“Dylan already had one near-death experience, and we knew we had to keep him safe going forward,” adds Dr. Singh. “A heart transplant was the best option to give him a chance to live a long, healthy life.”
For Dylan to be placed on the transplant list, providers determined he first needed to regain his strength and prepare his body as fully as possible. He spent five weeks recuperating in the Hospital — a relatively short timeframe, which was credited to his level of physical fitness from playing baseball — and was officially listed on May 7. That wasn’t before he was evaluated for a potential liver transplant as well. One of his reconstructive surgeries, the Fontan operation, is standard-of-care for youth with a single ventricle CHD. As effective as it is in improving outcomes for this complex and life-threatening condition, the procedure is known to almost universally cause some degree of damage to the liver, a result of increased pressure within a patient’s veins. Fortunately, Dylan’s biopsy results were healthier than anticipated.
While waiting for a heart, Dylan wore a defibrillator vest around the clock, which would restore function to his heart should it stop again. He returned to school to complete his junior year, and although he wasn’t cleared to play baseball, he attended every game to support his teammates. While cheering on his friends, he donned his uniform, which his varsity coach brought to him during his cardiac arrest recovery to ensure he kept his signature jersey number — 8. “Dylan’s very first baseball number was 8,” explains Kathleen. “Then, as a freshman in high school, he was thrown the number 8 jersey by chance, and from then on, his nickname was ‘Ocho.’ While we were waiting for the transplant notification call, we were kind of joking, ‘wouldn’t it be weird if you got your heart on the 8th?’” As fate would have it, he did. On July 7, Dylan was matched with a heart, and underwent the transplant surgery with Dr. Nigro the next day. “We got a call from the operating room at 8 a.m. on the 8th that the new heart was beating in his chest. It’s his lucky number!” Kathleen exclaims.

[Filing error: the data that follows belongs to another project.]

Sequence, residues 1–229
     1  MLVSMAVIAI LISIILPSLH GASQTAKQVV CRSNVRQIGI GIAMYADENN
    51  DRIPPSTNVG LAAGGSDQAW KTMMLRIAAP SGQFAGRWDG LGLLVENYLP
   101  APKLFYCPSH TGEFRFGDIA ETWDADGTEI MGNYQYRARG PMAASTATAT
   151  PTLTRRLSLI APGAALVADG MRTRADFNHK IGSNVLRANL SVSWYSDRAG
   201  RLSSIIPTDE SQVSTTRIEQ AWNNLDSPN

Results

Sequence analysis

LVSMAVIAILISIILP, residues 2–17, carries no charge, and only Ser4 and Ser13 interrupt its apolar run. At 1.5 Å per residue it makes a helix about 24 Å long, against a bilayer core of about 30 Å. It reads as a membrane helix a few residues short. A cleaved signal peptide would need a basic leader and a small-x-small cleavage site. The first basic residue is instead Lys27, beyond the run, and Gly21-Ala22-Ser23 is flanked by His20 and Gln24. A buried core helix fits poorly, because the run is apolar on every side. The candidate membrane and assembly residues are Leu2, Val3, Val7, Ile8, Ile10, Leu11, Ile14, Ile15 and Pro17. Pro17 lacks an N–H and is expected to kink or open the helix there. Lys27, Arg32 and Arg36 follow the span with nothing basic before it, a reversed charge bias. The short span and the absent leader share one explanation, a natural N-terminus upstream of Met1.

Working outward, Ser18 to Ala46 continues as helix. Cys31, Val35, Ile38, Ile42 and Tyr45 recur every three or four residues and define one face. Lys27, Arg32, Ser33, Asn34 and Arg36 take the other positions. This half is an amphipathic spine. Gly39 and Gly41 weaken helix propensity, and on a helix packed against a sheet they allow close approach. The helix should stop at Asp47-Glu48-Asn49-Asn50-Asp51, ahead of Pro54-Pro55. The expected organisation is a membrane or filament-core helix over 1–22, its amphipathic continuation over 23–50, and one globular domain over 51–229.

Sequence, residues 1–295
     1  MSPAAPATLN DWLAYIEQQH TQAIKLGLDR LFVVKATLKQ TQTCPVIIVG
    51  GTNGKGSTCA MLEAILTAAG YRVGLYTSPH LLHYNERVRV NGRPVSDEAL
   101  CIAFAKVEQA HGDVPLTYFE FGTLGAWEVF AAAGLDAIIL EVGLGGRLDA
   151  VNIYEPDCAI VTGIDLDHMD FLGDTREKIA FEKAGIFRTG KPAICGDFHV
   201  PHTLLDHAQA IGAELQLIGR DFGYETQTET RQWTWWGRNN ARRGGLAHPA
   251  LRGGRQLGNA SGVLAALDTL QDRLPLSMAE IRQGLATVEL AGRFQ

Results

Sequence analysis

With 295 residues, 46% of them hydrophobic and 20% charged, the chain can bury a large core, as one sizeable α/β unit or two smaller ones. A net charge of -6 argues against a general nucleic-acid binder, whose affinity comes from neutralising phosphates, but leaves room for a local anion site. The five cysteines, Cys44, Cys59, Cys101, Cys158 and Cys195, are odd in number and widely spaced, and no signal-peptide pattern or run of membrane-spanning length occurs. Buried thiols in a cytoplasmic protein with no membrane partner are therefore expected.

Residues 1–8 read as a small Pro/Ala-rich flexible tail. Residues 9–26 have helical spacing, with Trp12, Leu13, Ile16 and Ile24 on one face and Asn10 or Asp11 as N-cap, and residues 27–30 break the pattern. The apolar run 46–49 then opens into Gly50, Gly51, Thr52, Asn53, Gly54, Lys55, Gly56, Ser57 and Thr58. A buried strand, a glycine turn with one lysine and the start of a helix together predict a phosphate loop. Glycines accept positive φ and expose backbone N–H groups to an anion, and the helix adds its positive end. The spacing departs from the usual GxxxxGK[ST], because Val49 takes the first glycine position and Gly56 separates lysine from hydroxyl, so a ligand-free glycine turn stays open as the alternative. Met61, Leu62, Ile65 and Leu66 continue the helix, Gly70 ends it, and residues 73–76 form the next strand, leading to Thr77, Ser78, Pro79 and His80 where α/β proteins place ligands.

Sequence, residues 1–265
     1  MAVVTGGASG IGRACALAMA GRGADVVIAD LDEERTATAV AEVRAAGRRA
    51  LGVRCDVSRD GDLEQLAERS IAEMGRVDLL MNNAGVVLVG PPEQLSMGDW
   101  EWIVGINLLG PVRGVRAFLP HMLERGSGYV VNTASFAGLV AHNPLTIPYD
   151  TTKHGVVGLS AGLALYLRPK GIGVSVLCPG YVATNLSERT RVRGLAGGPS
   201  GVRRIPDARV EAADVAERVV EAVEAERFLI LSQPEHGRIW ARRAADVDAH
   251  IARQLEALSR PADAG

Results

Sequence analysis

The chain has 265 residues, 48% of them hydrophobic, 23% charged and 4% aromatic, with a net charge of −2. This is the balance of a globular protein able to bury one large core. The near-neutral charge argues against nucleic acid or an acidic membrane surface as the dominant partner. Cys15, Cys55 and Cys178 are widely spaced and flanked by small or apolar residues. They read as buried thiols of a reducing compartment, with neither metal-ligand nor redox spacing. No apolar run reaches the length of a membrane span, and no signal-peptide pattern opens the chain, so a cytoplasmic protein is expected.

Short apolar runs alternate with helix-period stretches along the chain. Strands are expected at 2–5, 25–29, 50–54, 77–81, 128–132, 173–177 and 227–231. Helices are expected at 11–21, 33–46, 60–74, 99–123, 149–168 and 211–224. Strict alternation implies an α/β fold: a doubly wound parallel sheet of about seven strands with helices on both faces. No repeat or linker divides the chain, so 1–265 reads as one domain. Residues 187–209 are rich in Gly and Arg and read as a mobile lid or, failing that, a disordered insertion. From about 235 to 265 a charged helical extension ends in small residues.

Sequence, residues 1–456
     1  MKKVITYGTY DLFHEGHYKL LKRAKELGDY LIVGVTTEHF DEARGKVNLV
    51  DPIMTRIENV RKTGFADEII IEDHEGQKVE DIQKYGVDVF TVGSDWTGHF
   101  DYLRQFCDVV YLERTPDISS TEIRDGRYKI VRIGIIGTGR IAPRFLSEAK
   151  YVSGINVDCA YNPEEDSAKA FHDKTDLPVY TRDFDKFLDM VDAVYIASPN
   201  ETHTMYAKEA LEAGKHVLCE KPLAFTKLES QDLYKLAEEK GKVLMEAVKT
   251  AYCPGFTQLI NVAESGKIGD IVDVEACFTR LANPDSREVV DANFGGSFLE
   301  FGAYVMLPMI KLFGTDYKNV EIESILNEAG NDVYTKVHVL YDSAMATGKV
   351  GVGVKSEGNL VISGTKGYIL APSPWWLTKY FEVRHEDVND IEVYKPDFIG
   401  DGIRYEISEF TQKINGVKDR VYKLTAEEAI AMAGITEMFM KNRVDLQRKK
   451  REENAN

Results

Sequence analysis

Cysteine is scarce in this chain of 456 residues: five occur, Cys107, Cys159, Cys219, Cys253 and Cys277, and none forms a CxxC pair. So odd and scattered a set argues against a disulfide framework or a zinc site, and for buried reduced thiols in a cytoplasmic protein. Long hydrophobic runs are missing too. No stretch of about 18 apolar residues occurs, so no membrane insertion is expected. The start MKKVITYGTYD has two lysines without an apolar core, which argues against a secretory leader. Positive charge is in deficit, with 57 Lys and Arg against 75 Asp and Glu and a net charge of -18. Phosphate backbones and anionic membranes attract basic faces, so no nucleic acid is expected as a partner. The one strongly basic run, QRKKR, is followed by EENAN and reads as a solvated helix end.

After a three-week hospital stay, Dylan returned home and kept up with his schoolwork from afar until he was given the go-ahead to return in October. “During this time, we met regularly with the transplant team; they were and are an amazing team,” Kathleen expresses. “We feel so fortunate to have access to such dedicated and compassionate doctors and staff … we have always felt supported and informed.”
Now back at school full-time, Kathleen says Dylan is “counting down to his graduation” in June. He has also returned to the baseball field for team workouts over the past several months, which has helped him recover and start enjoying a well-deserved return to normalcy. His body has accepted his new heart and it’s going strong — as is Dylan himself. “It has been a lot to take in this past year,” muses Kathleen. “He and I were talking about it the other day, and I told him that he has handled everything so gracefully and that I was incredibly proud of him. His response was that he was only doing what he was supposed to do.”
Published February 2019